When you first starting taking a beta-blocker, your doctor will start you on a low dose then slowly increase it over a few weeks. It can take a while for you to feel better – usually a few months.
Do not suddenly stop taking your beta-blocker
Do not suddenly stop taking your beta-blocker without talking to your doctor first. This can be dangerous and make you feel unwell. You may get the feeling of changes in your heartbeat (fast, quick and irregular or forceful heartbeats), an increase in blood pressure and a return of chest pains. If you do need to stop taking a beta-blocker then your doctor may advise a slow reduction in dose.
If you have diabetes
If you have diabetes you need to take extra care to measure your blood glucose levels regularly.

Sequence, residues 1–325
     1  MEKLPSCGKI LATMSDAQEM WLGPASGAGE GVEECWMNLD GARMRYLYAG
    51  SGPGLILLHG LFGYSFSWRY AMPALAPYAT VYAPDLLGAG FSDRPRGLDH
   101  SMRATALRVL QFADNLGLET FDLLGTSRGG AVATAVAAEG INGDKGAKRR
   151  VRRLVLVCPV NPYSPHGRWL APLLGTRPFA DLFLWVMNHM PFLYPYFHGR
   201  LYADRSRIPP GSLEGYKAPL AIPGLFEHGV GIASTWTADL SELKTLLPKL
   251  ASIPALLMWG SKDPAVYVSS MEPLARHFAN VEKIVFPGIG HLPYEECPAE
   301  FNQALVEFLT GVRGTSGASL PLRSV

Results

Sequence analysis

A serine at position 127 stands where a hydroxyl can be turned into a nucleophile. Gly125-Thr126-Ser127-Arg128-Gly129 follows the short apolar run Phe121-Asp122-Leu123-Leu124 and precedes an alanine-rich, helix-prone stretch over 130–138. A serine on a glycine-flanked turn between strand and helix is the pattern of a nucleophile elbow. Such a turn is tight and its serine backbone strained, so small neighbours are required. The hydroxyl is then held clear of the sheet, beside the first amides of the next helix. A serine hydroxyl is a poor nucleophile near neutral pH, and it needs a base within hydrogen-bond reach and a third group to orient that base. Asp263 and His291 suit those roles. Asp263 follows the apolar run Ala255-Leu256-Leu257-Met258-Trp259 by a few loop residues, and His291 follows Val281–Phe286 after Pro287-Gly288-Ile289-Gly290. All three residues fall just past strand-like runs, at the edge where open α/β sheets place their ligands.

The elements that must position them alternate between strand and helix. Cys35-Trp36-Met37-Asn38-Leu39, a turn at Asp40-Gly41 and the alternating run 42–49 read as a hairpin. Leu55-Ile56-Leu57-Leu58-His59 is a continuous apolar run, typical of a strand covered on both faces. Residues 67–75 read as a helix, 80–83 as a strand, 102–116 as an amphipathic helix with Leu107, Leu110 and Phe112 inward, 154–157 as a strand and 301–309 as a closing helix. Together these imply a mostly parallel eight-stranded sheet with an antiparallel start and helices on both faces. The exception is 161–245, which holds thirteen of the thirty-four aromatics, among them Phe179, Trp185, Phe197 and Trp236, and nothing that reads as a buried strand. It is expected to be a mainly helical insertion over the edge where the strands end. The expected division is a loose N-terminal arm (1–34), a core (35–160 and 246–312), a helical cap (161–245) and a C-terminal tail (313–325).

- Beta-blockers can cause an increase in blood glucose levels, especially when you first start taking them. This effect usually settles with time.
- Beta-blockers may reduce the warning signs of a low blood sugar level (hypoglycaemia – often called a hypo). For example, you may not have the feeling of fast, irregular or strong heartbeats (palpitations) or tremor, which can occur when your blood glucose is going too low. If you are worried about this, talk to your doctor. Do not stop taking your beta-blocker without checking with your doctor first. Read more about hypoglycaemia.
If you have asthma
If you have asthma, taking a beta-blocker may trigger your asthma symptoms or make them worse. Not everybody with asthma is sensitive to these medicines. If you are worried about this, talk to your doctor. They may be able to prescribe a different medicine or increase the dose of your asthma preventer medication. Do not suddenly stop taking your beta-blocker without talking to your doctor first. This can be dangerous and make you feel unwell. Read more about medicines that may trigger asthma symptoms.